Guest Blog: The Role of Imagination in Learning

Many would agree that the underlying purpose of a school and all of its activities is to develop children as learners who are interested in the process of learning. But many people don’t realize that imagination plays an integral role in both the enjoyment and richness of education, and should be incorporated more often.

Imagination and learning are both lifelong

Young boy uses imagination to play with toy

I grew up struggling with all things history. The dry texts simply bored me, and the amount of memorization intimidated me. It made for an easy answer when people asked, “What’s your least favorite subject?” That all changed when I entered middle school, though—Social Studies quickly became my favorite class. I credit my teacher and her creative style. As a little girl who used to wake up and reach for a crayon first thing every morning, this teacher spoke my language!

Lectures and readings were supplemented with projects. My favorite projects included an A-Z Constitution Children’s Book complete with original illustrations and a Silk Road Video that I recruited all the neighbor kids to play a role in. Every historical event came to life and the information clicked because my teacher left space for our imaginations to not just play a role in our learning, but actually drive it.

I’ve found that imagination drives my learning just as much today as it did ten years ago.

Imagination manifests itself now in more non-formal learning environments. Much of my learning has taken place outside of lecture halls. For example, as a marketing student with a passion for photography, I have spent many hours admiring photographers’ work and dreaming up photo shoots of my own, that have led me to watch YouTube tutorial upon YouTube tutorial to learn everything I need to know in order to get me there. In all of my co-ops and internships, I’ve grown the most by jumping into projects that are outside of my comfort zone and require me to think outside of the box.

Imagining in a wide variety of places

When I was 5 years old, imagination took place in my kindergarten class, in my bedroom full of stuffed animals, and in restaurants (most likely playing with my food instead of earing it). Today, my imagination runs wild in a variety of places, too. Work and school may be obvious… but even as I moved into my new house this summer, I pictured how each room might one day resemble my HGVT worthy “Home Decorating” Pinterest board. While Christmas shopping, I imagine loved ones’ reactions to different kinds of gifts in order to help me discern what to buy. Whether mastering the art of wood staining on our custom bench or realizing new passions or appreciations of my friends and family members, it all results in learning in different ways.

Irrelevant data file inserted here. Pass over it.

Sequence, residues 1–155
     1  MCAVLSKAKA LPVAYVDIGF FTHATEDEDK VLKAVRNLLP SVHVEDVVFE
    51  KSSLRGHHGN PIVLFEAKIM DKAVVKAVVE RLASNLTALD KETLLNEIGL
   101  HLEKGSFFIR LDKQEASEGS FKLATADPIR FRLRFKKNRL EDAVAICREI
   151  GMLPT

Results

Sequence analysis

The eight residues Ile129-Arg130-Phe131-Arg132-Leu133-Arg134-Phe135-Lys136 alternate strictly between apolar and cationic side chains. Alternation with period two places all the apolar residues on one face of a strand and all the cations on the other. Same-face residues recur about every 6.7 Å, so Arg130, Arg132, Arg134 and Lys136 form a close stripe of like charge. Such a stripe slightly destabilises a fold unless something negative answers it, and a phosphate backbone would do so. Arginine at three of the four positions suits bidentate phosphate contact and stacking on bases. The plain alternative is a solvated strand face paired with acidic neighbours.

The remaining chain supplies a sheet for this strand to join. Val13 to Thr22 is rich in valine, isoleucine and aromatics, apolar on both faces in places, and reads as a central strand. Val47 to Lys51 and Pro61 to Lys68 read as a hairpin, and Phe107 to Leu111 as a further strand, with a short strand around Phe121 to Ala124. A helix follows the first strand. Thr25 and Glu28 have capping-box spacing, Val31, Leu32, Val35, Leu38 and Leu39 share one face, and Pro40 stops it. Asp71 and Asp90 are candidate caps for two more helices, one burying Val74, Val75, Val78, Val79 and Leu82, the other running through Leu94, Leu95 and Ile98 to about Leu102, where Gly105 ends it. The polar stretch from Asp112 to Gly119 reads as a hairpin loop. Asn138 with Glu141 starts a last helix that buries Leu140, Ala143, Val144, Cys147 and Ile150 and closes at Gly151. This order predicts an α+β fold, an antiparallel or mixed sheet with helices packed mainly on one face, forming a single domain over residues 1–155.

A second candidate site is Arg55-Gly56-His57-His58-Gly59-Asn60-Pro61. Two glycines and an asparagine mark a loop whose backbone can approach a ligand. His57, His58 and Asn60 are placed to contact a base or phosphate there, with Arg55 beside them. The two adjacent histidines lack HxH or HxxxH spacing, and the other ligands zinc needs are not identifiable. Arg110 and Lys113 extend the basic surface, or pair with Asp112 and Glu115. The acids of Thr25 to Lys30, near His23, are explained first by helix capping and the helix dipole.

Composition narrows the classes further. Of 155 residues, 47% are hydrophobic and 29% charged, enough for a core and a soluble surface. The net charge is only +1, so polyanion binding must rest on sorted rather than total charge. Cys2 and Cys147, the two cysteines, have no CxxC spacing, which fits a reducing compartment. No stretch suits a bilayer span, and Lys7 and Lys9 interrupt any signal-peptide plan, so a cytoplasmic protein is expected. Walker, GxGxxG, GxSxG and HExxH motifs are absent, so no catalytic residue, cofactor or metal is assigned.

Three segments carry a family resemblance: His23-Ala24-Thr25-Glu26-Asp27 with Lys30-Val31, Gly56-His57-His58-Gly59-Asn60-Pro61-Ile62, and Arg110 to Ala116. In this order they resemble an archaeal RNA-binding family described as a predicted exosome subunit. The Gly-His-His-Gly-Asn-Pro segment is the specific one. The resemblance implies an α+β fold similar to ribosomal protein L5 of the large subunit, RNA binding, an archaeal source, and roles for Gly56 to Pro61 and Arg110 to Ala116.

Understanding the depth of our imaginations

Part of 9 Billion Schools is the belief that learning is life-long, life-wide and life-deep. Incorporating imagination into our learning experiences allows us to dive deeper into a topic or experience and explore it at a more meaningful level. This life-deep element of imaginative learning is just one way using our imaginations helps improve our learning experiences.

Researcher Stephanie Carlson, an expert on childhood brain development at the University of Minnesota, argues that the link between imagination and executive function is that “practice in pretending helps you come up with alternative ways of being—and of seeing an issue—and results in more creativity and better problem-solving.” Even neuroscience proves this. To get to innovative ideas and solutions, our brain toggles back and forth between the left (fact-finding) and right (imaginative) lobes, “or between reality and possibility.”

Classroom curricula that align with 9 Billion Schools’ mantra often involve series of student-specific questions and activities that require deep and creative thought to solve. Simple, standardized questions don’t engage each and every students’ imaginations to the same degree. Solving this very problem requires deep, creative thinking, and that’s what this movement seeks to solve.

How does your imagination drive you? How do you incorporate imagination into your education, work or leisure activities? Share your experiences with us in the comments or connect with us on Facebook or Twitter.